And then also, can you comment a bit, you mentioned earlier in your prepared comments about Actavis being involved in the 027 trial. I’m wondering if you could comment on the extent that they are involved.

And then the third is, around Abuse Liability Trial, at what point would you be thinking about doing one of those for the two pain programs. Thanks.

Max Gowen

Hi, Alan. Thanks very much for those questions. So I will direct the first question about the Part A to Part B on to David.

David Soergel

Hi Alan, thanks for your question. So as we’ve discussed in the past, this trial is designed as an adaptive dose ranging study. So we are going to be exploring a range of doses in Part B and potentially changing doses every week. So we’re not providing the precise doses that we’re starting off with, because that’s just a starting point for the trial.

Max Gowen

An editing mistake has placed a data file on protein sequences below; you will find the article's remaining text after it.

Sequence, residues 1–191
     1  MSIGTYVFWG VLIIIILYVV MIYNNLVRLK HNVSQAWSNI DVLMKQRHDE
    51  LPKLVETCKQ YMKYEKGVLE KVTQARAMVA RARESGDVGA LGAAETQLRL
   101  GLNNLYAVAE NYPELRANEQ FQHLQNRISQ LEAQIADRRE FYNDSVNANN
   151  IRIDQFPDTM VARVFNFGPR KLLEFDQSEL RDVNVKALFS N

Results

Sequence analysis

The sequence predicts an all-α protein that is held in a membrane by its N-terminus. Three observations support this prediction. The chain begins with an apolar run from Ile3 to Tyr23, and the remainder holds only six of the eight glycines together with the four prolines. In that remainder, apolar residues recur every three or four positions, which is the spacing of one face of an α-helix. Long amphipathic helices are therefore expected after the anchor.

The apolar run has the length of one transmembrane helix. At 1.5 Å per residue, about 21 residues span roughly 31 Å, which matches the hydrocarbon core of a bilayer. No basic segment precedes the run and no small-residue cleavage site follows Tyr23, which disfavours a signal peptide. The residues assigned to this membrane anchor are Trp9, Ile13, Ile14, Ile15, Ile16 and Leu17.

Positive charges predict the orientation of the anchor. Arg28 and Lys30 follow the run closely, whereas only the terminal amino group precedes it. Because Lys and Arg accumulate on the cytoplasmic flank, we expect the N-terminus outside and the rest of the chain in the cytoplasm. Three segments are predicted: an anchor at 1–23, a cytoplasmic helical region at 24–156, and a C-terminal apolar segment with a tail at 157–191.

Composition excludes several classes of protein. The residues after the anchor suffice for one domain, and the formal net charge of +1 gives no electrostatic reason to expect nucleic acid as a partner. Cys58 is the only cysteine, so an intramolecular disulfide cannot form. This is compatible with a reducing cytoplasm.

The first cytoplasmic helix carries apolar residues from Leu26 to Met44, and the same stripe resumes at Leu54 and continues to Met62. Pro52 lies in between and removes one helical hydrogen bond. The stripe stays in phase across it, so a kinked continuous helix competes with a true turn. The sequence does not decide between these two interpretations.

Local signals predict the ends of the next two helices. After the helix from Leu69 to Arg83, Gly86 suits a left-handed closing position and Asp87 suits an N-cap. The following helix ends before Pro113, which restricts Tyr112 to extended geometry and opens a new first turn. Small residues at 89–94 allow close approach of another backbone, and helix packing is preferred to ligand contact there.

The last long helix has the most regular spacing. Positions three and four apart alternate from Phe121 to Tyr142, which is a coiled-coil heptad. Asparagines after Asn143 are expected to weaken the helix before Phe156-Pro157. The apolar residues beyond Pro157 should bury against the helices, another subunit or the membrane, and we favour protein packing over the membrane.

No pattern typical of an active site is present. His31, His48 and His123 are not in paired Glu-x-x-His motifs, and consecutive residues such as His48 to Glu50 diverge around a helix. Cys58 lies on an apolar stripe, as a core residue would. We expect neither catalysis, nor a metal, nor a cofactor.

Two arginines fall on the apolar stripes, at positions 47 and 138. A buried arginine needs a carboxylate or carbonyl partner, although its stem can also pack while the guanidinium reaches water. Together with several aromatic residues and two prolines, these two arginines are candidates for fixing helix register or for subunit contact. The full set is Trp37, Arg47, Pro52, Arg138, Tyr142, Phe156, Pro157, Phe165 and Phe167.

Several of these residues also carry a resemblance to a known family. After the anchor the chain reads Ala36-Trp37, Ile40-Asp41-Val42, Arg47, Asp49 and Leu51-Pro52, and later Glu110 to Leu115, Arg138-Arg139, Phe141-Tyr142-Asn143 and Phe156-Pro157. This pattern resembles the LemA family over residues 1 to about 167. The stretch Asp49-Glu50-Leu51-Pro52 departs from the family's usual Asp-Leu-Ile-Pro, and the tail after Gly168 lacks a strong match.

Thanks David. I’ll pick up on the Actavis question; you were asking about their level of involvement in the 027 program. So as you know, we have designed and are running the clinical trial and obviously we have quite a lot of updating conversations with Actavis. I’d say where they are more involved is on the CMC side, as they are thinking about how to prepare CMC activities for later stage development and then ultimately launch and we’ve also been working together on some activities which we hope might give us some additional IP coverage. So those are the real areas of working together.

On the Abuse Liability studies for 130 and 734, we don’t currently have plans to launch those trials of those studies. We know that they do need to be done. We’ll probably schedule those later on in development once we have our Phase 2 data.

Alan Carr - Needham & Co.

Okay. Thanks for taking my questions.


Thank you. And I’m not showing any further questions. Please proceed with any closing remarks.

Max Gowen

Well, thank you all for joining today’s call. As always we’re available to answer any other questions after the call and you can certainly direct those through John. So thanks very much everyone.


Ladies and gentlemen, thank you for participating in today’s conference. This does conclude the program and you may all disconnect. Everyone have a great day.